- Museum number
Bloomed and chased three-colour gold brooch in the form of a geranium leaf with a flower and a butterfly set with pearls, rubies and emeralds perched on the left-hand edge.
- Production date
Length: 4.10 centimetres (max)
- Curator's comments
- In the catalogue the geranium leaf was described as a vine-leaf.
See also C. Gere & J. Rudoe, 'Jewellery in the Age of Queen Victoria: A Mirror to the World', London, British Museum, 2010, fig. 131 p.174. Caption: ‘jewels in coloured gold and stones imitating nature. European, 1840–70. . . . the zonal pelargonium leaf has markings in three colours of gold and a pearl and gem-set butterfly alighted on it.’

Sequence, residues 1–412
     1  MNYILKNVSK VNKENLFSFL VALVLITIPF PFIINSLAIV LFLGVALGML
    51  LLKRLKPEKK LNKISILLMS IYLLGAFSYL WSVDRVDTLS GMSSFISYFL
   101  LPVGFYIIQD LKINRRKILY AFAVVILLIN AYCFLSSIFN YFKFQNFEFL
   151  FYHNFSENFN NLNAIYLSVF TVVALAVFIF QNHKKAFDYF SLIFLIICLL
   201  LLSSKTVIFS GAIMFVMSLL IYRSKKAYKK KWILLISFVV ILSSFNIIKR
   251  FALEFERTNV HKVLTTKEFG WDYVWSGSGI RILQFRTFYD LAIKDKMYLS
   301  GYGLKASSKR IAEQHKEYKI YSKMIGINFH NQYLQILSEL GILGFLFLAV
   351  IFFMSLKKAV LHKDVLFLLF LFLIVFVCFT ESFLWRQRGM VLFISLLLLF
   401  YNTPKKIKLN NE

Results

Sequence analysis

The pelargonium, a native of South Africa, is not reliably frost-hardy and was therefore popular for the Victorian conservatory, particularly in the forms with leaf-markings of the type imitated in this brooch. The conservatory, with its hothouse exotics, was used as a metaphor for femininity by the Victorians. (Charlotte Gere)
- On display (G47/dc8)
- Acquisition date
- Acquisition notes
- D & B Dickinson, 22 & 22A New Bond Street, Bath. Original invoice for £35 to Anne Hull Grundy dated 18.4.1973, described as 'Leaf spray brooch with butterfly'.
- Britain, Europe and Prehistory
- Registration number
- Additional IDs
Miscellaneous number: HG.909 (masterlist number)